>My girlfriend accuses me of being overly sensitive to these points, and feels that I'm overlooking the content based on a feeling that I've somehow been lied to with regards to the title. Is this an accurate assessment? Well, I did fork out $25 for this book, so naturally, when I'm told that a "rogue economist" (ooh, how exciting!) is going to tell me about the "hidden side of everything," based on a mysterious and tantalizing scientific phenomenon described as "freakonomics" I naturally expect something different than this. Not to say that what I got wasn't good, it just wasn't as engaging or revelatory as what I would have expected, and maybe more to the point, I did not learn any applied lessons that I imagined I would. There was little to nothing in this book that I could use in any fashion in my life, aside from very specific statistics that are really only useful as trivia. The idea of there being a secret, hither-to-unknown concept called "freakonomics" that was the silent engine of the economic cosmos dissolved to dust the second I reached the last page. There simply was no theory that I might apply to my daily life somehow. No tidbits of economic, psychological, or behavioral knowledge that could somehow, in some way, be useful in an applied setting, which was extremely disappointing. <
> <
>As entertaining and as full of fun, interesting information as it is, Freakonomics felt surprisingly skimpy on meaningful content. It's a good-- if short-- read, and it more than likely contains information that I'll find myself reciting to friends and pondering over, but I can't help but walk away feeling like it's a half-finished book. By its own admission, there is no unifying theme to the chapters, and no particular purpose to its order. There's a sense of pointlessness and lack of cohesion that makes the book crumble under the weight of its own lofty pretensions-- or at least the ones put on it by the marketing department.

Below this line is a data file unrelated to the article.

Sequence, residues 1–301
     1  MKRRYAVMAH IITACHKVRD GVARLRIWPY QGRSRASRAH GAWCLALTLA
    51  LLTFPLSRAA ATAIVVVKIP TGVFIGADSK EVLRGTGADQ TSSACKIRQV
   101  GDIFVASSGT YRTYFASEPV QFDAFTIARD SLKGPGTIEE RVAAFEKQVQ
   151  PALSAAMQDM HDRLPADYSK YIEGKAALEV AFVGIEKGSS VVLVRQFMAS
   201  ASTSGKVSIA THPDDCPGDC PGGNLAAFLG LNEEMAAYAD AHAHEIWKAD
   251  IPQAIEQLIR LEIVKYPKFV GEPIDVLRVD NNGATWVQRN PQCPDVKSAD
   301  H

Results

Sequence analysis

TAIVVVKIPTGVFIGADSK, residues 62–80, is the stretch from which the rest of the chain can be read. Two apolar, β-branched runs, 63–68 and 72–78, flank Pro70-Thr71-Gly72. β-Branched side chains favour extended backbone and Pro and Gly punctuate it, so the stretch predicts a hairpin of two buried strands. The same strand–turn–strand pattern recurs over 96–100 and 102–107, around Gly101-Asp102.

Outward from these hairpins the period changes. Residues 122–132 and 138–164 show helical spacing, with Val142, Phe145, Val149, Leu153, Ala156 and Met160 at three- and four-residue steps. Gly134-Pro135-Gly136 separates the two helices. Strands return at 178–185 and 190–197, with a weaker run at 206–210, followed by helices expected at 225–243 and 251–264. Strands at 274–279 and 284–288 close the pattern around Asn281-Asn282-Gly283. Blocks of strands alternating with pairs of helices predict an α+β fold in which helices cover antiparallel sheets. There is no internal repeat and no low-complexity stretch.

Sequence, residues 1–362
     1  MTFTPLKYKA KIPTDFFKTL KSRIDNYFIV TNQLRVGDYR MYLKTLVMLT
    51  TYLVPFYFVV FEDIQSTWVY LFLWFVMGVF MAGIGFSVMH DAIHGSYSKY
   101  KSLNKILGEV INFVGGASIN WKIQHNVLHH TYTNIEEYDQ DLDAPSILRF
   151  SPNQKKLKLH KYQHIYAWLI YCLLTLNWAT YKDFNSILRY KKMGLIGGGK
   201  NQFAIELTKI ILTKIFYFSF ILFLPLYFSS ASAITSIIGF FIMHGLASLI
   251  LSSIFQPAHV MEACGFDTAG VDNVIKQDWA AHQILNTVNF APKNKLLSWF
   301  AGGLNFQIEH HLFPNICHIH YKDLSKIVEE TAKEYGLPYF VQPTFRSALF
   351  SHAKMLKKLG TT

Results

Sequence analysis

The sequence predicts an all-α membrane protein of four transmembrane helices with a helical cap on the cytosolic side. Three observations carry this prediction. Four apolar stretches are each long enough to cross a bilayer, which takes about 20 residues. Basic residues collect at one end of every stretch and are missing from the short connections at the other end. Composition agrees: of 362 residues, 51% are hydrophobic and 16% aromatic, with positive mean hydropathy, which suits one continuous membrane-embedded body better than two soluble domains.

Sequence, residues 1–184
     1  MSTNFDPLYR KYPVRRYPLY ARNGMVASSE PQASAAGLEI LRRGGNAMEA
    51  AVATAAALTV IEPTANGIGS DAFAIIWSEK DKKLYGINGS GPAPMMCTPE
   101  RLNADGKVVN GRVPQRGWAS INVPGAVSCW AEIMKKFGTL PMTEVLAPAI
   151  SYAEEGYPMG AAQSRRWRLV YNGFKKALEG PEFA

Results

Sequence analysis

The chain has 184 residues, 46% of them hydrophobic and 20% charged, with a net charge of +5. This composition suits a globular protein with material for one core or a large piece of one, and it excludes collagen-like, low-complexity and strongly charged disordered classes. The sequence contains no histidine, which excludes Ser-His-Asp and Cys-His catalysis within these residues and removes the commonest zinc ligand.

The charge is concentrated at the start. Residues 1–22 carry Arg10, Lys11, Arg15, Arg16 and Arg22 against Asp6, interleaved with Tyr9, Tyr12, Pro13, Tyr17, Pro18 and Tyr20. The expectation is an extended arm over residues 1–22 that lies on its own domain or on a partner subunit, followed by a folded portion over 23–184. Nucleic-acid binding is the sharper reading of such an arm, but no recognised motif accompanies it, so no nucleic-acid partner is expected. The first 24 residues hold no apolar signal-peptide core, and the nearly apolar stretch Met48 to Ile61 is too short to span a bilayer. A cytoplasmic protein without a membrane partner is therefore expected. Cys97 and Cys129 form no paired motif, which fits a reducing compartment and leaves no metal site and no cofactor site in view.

Business for Non-MBAs
This was the first book i have read in a long time and boy i realized what i had been missing all this time. Freakonomics is a very interesting book that talks about things u would never think about from an economic perspective. <
> <
>This is an excellent book about economics especially for those of us who claim to hate the subject in general. Most economics book are dry and stuffy expositions of the "dismal" science. This book answers microeconomic questions like Why do most drug dealers live with their mothers? There is interesting stuff in here that you will not find anywhere else. Buy this book; you will not be disappointed! <
> <
>Ranks up there with my other two favorite business books of the year, THE BLACK BOOK OF OUTSOURCING by Brown & Wilson, and THE WORLD IS FLAT by Friedman. Together, they make sense of globalization, the changing world economy and how you can make it work for you and your company or business. Two thumbs up!


Who knew economics could be so interesting?
The information in this book is so cool and unusual! The writing is great, so I thank Dr. Levitt for not trying to write this book himself. I'd love to see a sequel!